With revenge always on her mind, Tina spends the next four years surviving on the streets alone, working as a master thief for the Goondas, Sangui City’s local gang. It’s a job for the Goondas that finally brings Tina back to the Greyhill estate, giving her the chance for vengeance she’s been waiting for. But as soon as she steps inside the lavish home, she’s overtaken by the pain of old wounds and the pull of past friendships, setting into motion a dangerous cascade of events that could, at any moment, cost Tina her life. But finally uncovering the incredible truth about who killed her mother–and why–keeps her holding on in this fast-paced nail-biting thriller.

This book was a big surprise. I knew I’d like it after reading the synopsis, but it was far more enjoyable than I expected. The writing is pretty darn good for a debut author and Tina is a protagonist that you’ll immediately fall in love with. She just felt so real and to top it all of: she’s badass. She has a quite intensity and she’s smart. Also, she’s a very talented thief of one of Sangui City’s gangs.

Tina is Congolese, but she and her mother came to Kenya as refugees. Her mother never mentions their past life and Tina has no idea who her mother really is. Because of that their relationship is a bit strained. When her mother is murdered, Tina sets out to find the killer and exact revenge. I would say that this book has two parts. The first half is set in Kenya where Tina is working for the Goondas (thief gang) while setting her plan of revenge in motion.  The second half mostly takes place in Congo, Tina’s home country, where she delves into her mother’s past in hopes of finding the killer and their motive. The author did a good job with the setting; the cities and villages were depicted in rich detail and the perfect amount of tension is invoked when needed, which made her writing almost atmospheric.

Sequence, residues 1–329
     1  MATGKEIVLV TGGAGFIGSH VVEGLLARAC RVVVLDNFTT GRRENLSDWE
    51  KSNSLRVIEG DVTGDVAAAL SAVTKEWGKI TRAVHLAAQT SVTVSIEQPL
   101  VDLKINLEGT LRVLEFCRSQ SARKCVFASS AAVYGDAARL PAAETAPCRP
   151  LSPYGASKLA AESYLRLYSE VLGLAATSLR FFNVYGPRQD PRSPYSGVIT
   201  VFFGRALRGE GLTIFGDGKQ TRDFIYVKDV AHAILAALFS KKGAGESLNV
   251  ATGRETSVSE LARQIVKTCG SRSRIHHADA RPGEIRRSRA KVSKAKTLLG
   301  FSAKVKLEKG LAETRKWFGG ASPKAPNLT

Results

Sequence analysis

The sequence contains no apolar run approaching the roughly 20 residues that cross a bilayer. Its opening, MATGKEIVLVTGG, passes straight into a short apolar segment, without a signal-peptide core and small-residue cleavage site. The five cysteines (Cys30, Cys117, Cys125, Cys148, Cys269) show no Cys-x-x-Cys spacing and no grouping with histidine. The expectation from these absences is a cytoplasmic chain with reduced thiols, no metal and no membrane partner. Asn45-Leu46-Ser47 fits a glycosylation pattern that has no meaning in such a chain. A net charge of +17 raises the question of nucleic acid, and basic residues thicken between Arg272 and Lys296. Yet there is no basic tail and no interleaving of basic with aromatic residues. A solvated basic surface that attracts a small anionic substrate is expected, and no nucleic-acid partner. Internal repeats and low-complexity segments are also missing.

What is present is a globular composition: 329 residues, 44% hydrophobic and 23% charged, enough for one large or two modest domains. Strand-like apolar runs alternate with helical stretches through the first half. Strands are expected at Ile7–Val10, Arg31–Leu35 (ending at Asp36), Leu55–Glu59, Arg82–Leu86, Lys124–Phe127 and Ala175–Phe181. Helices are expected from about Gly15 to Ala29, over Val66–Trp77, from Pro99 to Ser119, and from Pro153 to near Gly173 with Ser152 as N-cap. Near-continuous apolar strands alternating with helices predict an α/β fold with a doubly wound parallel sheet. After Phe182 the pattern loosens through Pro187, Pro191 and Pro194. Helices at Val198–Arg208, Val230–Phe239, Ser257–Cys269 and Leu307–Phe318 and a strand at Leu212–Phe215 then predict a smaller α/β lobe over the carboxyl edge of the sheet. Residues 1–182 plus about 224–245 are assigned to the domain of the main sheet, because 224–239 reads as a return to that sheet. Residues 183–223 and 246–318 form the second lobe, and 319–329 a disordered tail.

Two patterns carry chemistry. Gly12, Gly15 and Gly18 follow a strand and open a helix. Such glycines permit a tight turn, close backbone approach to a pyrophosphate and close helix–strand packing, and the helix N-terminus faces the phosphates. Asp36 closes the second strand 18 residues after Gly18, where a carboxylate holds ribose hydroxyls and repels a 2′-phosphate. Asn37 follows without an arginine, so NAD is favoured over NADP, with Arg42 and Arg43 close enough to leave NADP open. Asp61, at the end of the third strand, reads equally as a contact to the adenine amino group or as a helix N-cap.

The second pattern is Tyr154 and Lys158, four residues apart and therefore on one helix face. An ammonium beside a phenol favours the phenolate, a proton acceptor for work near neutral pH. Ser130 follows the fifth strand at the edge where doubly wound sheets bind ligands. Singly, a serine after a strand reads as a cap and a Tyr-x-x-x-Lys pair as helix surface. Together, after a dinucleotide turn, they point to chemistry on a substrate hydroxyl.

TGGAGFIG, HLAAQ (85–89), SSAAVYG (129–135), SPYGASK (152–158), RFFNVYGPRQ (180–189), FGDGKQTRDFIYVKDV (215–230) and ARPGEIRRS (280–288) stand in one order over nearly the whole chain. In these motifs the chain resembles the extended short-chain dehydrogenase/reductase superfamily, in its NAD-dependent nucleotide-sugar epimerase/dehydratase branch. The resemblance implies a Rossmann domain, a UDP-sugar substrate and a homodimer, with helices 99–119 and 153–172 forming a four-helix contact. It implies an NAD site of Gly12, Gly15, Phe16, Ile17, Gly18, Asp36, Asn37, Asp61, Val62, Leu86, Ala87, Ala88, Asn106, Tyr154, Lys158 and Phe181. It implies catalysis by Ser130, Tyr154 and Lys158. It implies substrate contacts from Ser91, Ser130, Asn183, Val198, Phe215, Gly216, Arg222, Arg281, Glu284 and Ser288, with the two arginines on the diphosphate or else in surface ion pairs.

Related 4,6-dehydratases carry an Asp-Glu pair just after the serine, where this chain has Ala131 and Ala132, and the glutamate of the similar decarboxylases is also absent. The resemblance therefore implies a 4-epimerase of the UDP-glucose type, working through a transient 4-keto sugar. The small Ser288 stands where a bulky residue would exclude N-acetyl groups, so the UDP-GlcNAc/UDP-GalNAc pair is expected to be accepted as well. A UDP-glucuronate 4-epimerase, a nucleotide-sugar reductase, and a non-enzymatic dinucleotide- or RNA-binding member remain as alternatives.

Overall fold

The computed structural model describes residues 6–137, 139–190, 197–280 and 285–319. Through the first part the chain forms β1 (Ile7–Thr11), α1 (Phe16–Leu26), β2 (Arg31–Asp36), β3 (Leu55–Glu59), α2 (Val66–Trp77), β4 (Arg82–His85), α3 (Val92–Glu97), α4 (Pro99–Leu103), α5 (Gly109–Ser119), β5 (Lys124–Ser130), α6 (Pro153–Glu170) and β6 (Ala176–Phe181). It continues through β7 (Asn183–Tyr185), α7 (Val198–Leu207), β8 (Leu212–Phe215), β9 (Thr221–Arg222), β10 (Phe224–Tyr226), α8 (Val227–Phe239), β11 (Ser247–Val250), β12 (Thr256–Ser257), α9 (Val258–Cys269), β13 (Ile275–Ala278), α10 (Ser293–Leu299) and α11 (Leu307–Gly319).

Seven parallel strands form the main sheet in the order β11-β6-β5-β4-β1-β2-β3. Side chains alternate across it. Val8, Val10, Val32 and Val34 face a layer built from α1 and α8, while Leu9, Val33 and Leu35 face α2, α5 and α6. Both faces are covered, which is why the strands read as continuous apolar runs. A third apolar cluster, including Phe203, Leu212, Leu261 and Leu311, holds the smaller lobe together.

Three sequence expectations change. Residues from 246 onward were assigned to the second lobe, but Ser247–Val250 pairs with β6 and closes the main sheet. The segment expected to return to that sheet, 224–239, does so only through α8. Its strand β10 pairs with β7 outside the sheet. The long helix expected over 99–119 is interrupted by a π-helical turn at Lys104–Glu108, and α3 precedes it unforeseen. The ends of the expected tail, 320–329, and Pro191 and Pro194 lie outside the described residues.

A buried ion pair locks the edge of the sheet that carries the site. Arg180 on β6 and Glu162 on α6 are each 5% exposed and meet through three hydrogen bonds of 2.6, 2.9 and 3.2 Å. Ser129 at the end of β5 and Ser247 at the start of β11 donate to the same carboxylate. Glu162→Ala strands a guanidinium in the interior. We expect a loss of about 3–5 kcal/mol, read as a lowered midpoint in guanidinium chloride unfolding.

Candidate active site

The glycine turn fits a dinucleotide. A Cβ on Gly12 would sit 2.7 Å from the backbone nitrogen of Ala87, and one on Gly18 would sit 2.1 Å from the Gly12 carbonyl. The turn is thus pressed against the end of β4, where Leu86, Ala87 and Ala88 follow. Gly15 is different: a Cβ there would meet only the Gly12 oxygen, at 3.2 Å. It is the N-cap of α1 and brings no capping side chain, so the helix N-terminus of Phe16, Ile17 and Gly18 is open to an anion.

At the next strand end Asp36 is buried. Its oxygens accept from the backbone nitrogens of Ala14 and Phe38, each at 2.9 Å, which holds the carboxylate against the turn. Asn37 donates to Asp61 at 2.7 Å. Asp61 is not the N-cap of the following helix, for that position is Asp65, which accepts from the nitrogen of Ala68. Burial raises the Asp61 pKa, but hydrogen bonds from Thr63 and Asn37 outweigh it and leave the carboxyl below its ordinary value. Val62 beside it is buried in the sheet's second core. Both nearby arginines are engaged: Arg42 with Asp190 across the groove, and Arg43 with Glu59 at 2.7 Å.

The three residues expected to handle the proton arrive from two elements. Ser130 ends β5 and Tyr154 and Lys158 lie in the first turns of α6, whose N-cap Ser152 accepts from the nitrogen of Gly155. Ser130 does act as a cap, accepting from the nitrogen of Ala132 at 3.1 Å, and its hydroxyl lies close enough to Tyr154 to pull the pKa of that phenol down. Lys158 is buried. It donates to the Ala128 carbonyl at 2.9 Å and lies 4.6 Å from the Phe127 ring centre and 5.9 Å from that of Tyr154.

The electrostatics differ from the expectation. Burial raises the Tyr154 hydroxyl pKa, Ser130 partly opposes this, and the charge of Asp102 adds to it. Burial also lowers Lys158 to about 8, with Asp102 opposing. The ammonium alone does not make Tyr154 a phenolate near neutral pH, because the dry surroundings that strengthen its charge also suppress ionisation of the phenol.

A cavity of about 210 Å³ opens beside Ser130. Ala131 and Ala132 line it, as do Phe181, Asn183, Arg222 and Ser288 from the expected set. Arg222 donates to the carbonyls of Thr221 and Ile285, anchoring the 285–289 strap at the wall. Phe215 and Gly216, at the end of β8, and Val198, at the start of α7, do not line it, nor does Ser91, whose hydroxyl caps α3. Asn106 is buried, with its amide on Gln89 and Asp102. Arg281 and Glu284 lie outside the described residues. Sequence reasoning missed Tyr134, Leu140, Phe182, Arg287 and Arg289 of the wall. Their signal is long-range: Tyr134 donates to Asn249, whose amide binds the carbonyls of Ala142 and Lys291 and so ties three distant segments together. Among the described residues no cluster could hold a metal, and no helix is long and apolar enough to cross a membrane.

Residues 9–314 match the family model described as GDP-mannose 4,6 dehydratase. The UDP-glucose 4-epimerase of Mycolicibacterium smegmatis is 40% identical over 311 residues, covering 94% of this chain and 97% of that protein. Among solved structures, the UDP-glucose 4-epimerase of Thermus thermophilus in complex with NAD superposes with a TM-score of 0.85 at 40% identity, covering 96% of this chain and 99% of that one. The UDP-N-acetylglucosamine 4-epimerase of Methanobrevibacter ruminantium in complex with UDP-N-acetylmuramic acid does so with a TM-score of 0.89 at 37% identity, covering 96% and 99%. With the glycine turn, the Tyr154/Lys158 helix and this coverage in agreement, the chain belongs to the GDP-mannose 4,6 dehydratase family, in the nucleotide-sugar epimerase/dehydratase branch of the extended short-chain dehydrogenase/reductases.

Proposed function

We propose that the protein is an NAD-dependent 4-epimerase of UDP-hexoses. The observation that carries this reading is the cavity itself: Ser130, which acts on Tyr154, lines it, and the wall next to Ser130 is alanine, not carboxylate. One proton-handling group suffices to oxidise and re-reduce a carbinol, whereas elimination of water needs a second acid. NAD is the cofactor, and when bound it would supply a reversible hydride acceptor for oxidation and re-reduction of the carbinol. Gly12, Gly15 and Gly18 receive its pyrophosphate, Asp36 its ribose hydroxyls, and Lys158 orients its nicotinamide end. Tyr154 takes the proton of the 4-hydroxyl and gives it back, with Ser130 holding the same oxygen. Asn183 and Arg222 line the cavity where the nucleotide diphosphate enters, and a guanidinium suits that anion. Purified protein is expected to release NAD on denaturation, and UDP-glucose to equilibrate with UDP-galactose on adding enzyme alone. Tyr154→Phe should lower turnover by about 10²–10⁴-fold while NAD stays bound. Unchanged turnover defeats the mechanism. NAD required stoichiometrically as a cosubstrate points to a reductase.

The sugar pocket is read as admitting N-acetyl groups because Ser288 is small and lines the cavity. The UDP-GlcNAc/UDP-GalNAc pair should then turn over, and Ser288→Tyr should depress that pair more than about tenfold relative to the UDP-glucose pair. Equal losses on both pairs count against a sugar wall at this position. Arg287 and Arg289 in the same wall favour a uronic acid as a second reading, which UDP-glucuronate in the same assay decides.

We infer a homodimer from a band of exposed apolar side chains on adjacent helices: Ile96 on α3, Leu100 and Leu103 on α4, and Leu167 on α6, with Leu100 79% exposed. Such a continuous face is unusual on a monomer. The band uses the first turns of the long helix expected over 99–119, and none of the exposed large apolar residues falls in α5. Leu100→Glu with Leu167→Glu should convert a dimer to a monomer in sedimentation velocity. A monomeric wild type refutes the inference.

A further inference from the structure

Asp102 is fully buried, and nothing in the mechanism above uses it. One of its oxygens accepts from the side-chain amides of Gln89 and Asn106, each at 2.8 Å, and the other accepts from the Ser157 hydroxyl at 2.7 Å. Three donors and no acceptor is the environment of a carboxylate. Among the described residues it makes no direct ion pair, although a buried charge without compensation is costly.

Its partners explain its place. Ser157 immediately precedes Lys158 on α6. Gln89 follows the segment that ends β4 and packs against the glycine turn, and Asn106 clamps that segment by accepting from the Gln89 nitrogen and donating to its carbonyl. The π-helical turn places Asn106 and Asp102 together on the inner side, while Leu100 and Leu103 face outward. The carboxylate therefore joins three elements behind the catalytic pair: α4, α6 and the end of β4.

I liked all the side characters are interesting; they’re all complex and intriguing. There are no ‘good’ and ‘bad’ characters. The synopsis doesn’t even begin to describe what this book is about. Things go unexpectedly dark later on. It goes deep into crime and corruption that is the reality of many African countries, and the harsh lives of women caught in the midst. 

Overall, an intense and fast-paced read that kept me on edge throughout. The fact that it was set in Kenya and the amazing set of POC characters won me over from the beginning, and the mystery kept me latched on to the pages till the very end. An easy 5-star for me.

Trigger warning: Mentions of rape and kidnap


Natalie C. Anderson

Natalie C. Anderson is a writer and international development professional living in Boston, Massachusetts. She has spent the last decade working with NGOs and the UN on refugee relief and development, mainly in Africa. She was selected as the 2014-2015 Associates of the Boston Public Library Children’s Writer in Residence, where she wrote her debut novel, City of Saints and Thieves.

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Reviews

Flame in the Mist by Renee Ahdieh / Swoony, Feudal-Japan-set Mulan retelling

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Blurb

FLAME IN THE MIST (Flame in the Mist #1)

Author: Renee Ahdieh

Publisher: G.P. Putnam’s Sons Books for Young Readers

Format: Hardcover, 368 pages

Publish Date: May 16th 2017

Pre-order At:  Amazon logo   Barnes & Noble    bookdepository logo

(Click Picture or underlined title to add on Goodreads)

The daughter of a prominent samurai, Mariko has long known her place—she may be an accomplished alchemist, whose cunning rivals that of her brother Kenshin, but because she is not a boy, her future has always been out of her hands. At just seventeen years old, Mariko is promised to Minamoto Raiden, the son of the emperor’s favorite consort—a political marriage that will elevate her family’s standing. But en route to the imperial city of Inako, Mariko narrowly escapes a bloody ambush by a dangerous gang of bandits known as the Black Clan, who she learns has been hired to kill her before she reaches the palace.